All of which is quite counterintuitive. After all, a lens flare is an artifact that’s specific to a glass lens. Our naked eyes don’t see lens flares (at least not the way a camera lens sees them) — so the lens flares we see prevalent in Star Trek and the films of Michael Mann and P.T. Anderson, for example, are by definition artificial. And yet the effect helps these films to achieve verisimilitude all the same. I think the reason has to do with the increasing rate at which we perceive reality through lenses.
Consider the “shaky cam.” South African TV commercial director Leslie Dektor is credited with bringing this aesthetic to narrative filmmaking. It was Dektor’s work on Levi’s and AT&T spots that the camera operators and DPs on the police procedural drama NYPD Blue emulated in the 1990s. Dektor’s mother had been a documentarian and he developed his style by watching her. Done well, the effect is much like a documentary style of vérité shooting. The camera follows the action as it unfolds — as our own wandering eyes might if we were sitting in the room with the characters, watching the scene unfold.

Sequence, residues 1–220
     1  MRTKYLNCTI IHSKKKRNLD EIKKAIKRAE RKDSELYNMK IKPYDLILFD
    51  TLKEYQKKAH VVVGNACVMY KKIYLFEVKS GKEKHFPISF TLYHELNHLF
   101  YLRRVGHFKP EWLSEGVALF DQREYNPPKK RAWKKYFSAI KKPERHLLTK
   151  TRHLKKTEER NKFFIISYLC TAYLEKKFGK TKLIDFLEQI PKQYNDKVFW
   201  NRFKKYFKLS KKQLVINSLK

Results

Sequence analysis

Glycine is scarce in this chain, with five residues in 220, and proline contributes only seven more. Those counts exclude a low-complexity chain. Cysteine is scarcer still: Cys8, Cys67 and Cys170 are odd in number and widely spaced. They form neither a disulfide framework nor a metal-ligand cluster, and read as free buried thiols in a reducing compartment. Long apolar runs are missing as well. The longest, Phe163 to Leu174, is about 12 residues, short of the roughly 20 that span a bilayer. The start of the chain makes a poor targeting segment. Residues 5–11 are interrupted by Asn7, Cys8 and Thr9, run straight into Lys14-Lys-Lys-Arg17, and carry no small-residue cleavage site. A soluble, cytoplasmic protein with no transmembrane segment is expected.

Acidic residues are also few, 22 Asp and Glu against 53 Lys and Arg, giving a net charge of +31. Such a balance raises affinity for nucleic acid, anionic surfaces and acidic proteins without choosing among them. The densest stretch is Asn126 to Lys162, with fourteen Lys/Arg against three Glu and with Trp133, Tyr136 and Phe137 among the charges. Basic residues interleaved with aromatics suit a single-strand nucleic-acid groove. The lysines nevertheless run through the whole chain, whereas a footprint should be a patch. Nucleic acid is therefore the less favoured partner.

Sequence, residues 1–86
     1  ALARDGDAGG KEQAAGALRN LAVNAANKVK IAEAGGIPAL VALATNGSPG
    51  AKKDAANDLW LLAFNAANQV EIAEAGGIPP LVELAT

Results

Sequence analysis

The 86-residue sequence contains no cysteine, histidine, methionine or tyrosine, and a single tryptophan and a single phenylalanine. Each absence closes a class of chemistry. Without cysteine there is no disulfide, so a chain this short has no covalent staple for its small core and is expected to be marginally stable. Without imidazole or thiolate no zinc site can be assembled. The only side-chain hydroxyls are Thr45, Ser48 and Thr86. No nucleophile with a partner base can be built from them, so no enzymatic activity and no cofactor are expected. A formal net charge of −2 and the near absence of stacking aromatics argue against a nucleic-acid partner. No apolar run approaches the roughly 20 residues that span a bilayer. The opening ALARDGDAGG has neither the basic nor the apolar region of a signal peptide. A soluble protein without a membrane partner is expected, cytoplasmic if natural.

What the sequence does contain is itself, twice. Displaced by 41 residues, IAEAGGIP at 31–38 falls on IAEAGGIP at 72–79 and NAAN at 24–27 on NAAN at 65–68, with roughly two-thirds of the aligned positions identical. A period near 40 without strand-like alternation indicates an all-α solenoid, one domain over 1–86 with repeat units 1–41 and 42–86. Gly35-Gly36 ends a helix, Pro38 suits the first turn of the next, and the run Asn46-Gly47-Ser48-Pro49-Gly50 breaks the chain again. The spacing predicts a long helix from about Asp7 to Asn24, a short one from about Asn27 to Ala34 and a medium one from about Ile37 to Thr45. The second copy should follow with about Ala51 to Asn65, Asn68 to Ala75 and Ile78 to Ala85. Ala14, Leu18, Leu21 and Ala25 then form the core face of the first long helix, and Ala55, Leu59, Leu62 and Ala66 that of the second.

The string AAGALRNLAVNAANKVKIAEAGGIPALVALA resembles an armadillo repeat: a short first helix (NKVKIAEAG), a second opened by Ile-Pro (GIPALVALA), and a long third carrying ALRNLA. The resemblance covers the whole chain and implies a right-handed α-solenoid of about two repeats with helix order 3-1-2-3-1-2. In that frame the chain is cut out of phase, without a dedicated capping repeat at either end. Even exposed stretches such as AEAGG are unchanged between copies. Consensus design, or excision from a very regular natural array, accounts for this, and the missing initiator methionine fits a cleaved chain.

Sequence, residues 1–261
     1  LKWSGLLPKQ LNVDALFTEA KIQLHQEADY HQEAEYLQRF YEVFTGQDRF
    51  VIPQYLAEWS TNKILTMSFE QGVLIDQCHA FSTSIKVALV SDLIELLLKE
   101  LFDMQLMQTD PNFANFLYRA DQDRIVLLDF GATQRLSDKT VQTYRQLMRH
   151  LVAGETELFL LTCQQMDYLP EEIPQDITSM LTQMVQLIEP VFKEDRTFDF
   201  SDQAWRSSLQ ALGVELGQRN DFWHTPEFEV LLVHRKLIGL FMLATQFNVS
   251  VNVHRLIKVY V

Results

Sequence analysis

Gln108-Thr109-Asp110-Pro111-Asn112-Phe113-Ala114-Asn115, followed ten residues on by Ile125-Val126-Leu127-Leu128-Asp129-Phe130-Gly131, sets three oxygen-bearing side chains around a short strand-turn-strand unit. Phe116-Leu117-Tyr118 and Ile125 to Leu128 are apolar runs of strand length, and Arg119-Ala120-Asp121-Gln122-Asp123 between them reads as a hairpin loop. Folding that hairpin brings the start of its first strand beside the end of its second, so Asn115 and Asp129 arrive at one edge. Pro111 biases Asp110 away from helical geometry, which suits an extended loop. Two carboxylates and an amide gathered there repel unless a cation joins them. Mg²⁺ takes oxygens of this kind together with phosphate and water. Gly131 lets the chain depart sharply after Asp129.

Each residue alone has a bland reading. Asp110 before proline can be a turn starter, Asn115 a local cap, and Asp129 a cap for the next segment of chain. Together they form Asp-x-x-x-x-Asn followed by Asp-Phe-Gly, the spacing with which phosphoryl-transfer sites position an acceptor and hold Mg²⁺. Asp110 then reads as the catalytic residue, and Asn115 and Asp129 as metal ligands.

Unfortunately, early attempts at imitating Dektor were disastrous. The NYPD Blue camera was neither handheld nor steady — it was on a fluid-head tripod and intentionally jerked about in a horrible, mechanical imitation of vérité. It was as if the cinematographers knew there was some good energy to be had in an ad-libbed shooting style but they didn’t want to commit 100% and actually carry the camera on their shoulders. Watching early NYPD Blue episodes now is like watching all the crazy zooms in films from the late 60s and early 70s after zoom lenses became fast enough for motion picture work — the style is dated and specific to a particular era of filmmaking.